Asexuality The Ace Of Hearts

Posted on February 3rd, 2010

Many people have never heard of Asexuality. Some are curious about this phenomenom, so here we will try to share some information and data about Sexuality, answer the FAQ’s about Asexuality and explore sexual preference.

Heterosexual: A person who experiences sexual attraction to people of the opposite gender.

Homosexual: A person who experiences sexual attraction to people of the same gender.

 Bisexual: A person who experiences sexual attraction to people of both genders.

 Asexual: A person who does not experience sexual attraction.

Odds are that you’re well-acquainted with the first three terms, but aren’t particularly familiar with the last one.  Asexuality is making its way into public awareness more and more each day, as an increasing number of people actively identify themselves as such and scientists begin to look more deeply into the subject.

If you’ve never heard of asexuality before, it can be a puzzling topic.  Check out this asexuality FAQ for answers to some of your questions.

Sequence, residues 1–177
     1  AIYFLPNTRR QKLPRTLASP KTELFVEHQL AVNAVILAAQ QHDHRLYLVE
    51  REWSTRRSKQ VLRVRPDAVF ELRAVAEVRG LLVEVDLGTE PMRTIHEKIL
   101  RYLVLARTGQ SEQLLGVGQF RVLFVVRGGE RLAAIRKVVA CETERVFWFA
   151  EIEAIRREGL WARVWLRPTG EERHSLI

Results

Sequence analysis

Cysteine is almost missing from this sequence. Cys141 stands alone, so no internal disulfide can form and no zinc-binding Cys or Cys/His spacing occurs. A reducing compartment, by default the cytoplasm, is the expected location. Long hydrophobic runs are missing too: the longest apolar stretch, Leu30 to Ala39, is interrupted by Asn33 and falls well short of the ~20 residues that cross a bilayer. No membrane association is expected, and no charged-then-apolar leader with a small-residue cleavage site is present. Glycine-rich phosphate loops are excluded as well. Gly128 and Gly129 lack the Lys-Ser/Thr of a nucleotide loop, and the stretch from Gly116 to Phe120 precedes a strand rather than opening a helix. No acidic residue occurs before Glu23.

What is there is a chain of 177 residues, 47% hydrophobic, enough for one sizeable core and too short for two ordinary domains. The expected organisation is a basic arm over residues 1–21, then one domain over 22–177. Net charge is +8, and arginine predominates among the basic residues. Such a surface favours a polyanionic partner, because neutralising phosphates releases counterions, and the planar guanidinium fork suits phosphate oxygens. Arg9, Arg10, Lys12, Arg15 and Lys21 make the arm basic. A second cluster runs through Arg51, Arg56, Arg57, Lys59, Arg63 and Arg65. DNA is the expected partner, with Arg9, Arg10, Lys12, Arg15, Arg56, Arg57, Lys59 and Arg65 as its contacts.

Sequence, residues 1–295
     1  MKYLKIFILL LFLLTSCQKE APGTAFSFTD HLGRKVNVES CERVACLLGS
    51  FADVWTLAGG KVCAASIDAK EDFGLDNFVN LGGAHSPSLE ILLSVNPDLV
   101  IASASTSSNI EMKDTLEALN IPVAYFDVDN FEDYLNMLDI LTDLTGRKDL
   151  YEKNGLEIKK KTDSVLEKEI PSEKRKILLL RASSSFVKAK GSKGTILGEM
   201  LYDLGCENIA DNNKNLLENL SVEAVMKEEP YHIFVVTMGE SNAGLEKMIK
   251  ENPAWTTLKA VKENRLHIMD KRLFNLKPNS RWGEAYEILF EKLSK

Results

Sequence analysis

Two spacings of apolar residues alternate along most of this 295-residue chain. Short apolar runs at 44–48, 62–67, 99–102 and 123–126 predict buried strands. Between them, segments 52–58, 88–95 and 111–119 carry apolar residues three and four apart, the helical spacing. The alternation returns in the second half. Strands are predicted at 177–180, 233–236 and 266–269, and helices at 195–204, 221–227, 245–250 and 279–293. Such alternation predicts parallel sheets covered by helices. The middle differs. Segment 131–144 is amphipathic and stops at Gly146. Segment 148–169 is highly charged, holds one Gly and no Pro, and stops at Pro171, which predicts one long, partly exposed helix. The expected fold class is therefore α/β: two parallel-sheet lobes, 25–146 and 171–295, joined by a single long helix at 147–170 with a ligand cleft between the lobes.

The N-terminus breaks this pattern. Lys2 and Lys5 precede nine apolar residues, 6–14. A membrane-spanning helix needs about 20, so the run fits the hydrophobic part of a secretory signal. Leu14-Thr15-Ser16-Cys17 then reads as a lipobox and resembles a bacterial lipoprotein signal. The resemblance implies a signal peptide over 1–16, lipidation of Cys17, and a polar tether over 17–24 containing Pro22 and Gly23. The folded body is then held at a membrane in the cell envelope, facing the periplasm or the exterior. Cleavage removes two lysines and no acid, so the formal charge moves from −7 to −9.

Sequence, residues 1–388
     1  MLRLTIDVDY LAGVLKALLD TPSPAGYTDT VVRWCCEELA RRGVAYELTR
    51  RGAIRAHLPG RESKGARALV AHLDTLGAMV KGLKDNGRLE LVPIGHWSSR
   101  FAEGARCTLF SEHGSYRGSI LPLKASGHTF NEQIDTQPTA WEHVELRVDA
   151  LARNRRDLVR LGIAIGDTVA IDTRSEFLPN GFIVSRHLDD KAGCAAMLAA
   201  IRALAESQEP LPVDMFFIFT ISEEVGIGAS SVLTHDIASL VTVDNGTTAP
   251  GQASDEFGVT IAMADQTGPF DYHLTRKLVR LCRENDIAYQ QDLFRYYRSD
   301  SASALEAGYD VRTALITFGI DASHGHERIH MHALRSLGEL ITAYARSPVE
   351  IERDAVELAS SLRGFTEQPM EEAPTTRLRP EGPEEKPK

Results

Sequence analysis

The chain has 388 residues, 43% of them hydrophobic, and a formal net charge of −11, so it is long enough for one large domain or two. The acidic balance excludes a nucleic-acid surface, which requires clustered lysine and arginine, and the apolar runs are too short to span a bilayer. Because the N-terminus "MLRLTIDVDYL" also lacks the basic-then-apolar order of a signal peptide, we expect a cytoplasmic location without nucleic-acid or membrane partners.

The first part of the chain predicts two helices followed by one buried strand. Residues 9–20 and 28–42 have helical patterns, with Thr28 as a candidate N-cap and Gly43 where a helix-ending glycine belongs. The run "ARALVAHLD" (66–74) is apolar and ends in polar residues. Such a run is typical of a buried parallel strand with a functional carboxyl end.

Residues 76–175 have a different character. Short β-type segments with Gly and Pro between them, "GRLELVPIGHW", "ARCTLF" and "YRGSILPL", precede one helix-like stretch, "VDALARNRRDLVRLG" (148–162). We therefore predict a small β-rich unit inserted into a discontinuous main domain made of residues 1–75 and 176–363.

What are the origins of asexuality?

Asexuality is not the same thing as celibacy, which is a conscious choice, nor is it a side effect of a medical condition, which is a serious problem.  Asexuality is merely an intrinsic aspect of a person, no different from any of the more commonly discussed sexual orientations.

Do asexuals experience attraction?

Many do experience attraction, in the form of an emotional connection with someone or an aesthetic appreciation of their physical features, but are not motivated to act on that attraction in a sexual manner.  Those who do experience attraction often identify themselves as lesbian, gay, bi, or straight in addition to identifying as asexual.

Can asexual people have relationships?

Absolutely!  Some prefer to remain single, but others form intimate long-term partnerships.  “Asexuality” is a very broad label: some asexuals only date other asexuals, while others date sexual people.  Some choose to have sex even though they do not experience sexual attraction, others do not.  Asexuals who are interested in forming relationships are referred to as “romantic,” while those who have no interest in relationships whatsoever are considered “aromantic.”

Do asexuals experience arousal?

Many do, though it does not lead to a desire to find a sexual partner.  Some asexual people are not involved in any kind of sexual activity, others masturbate but have no interest in intercourse with another person.  Other asexuals use sex to express romantic attraction for a sexual partner, or experience sexual attraction that is based solely on an emotional connection, not on any outward characteristics (known as “demisexual”).

For more information, check out the Asexuality Visibility and Education Network (AVEN) at 

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Posted in Sex and Intimacy


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